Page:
Over the past 10 years the California State University (CSU) education cost has increased by nearly 50% for full-time students. The average CSU full-time undergraduate tuition reported in 2016-17 was $5,472 compared to $2,772 in the 2007-08 fiscal year. The sharpest increase is reflected within the five year period from 2007-12, during the Great Recession.
This increase was necessary due to the severe reduction in state funding and support given to the CSU system. Some students experienced this increase firsthand.
“When I was a student, I started college at the time of the Great Recession in 2008, my first semester tuition was about $1,700. I noticed a steady increase my 4 years at Stan State and by the time I graduated it was close to double from when I started,” said Brittany Bellmer (Stan State Alumnus, 2012).
Many students graduate from college not only with a diploma, but also with debt. According to Debt.org, “The average borrower in the college class of 2017 is expected to carry more than $38,000 in student loan debt, which may be accompanied by growing credit card debt, as well as an auto loan and maybe even a mortgage.”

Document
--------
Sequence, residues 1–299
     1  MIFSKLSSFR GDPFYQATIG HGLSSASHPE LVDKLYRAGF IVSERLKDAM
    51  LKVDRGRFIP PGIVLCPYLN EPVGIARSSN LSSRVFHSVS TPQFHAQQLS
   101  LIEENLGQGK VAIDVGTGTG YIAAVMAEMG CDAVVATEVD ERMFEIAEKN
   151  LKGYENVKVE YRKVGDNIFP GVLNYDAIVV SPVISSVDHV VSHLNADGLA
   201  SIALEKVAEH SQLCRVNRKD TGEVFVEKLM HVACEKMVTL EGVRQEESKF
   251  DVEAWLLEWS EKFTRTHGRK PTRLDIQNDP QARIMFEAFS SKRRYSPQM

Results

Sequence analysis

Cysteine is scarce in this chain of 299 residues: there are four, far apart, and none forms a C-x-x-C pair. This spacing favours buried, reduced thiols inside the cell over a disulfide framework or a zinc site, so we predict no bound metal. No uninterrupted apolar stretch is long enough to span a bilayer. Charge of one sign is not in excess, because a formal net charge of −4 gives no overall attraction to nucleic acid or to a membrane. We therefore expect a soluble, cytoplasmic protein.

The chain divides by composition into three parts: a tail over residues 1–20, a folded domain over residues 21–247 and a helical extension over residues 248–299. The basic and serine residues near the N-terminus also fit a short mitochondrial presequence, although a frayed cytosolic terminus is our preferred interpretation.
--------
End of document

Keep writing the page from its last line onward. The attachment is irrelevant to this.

The Federal Reserve Bank of New York said in Feb. 2017 that student loan debt rose for the 18th consecutive year and that borrowing for higher education has doubled in just eight years.
Some students recognize the high cost of an education and associate the expense with stress and discouragement.
“I consider higher education to be very overpriced. Although there are opportunities to save and certain universities charge less than others –overall, college tuition is too expensive for the average person. This can cause high levels of stress for a person and discourage them from pursuing higher education,” said Darcy Freitas (junior, Communication Studies). Statistically there is still financial benefit and payoff for those who earn a degree.
Students do not always know exactly where or how funding is distributed amongst their campus, which may be a concern to them.
“I think the fluctuation in tuition price may come from maintenance of the institution and expansion,” said Joel Ramirez (junior, Communication Studies).
Tuition is distributed to various departments to maintain a college campus, including staff salaries and benefits, investment in campus facilities, research, teaching and scholarships according to the “Campus Budget Book” available through financial services on the Stan State website. Funding from tuition is distributed to student organizations and clubs which promote student involvement for campus events. Just over 1,000 full-time and part-time faculty and staff serve a diverse student body of approximately 10,000 students. In March 2009, the Board of Trustees approved the new Campus Master Plan Revision and certified the final Environmental Impact Report which envisions the future growth of the campus to serve 12,000 full time enrolled students while maintaining the quality and character of the campus environment.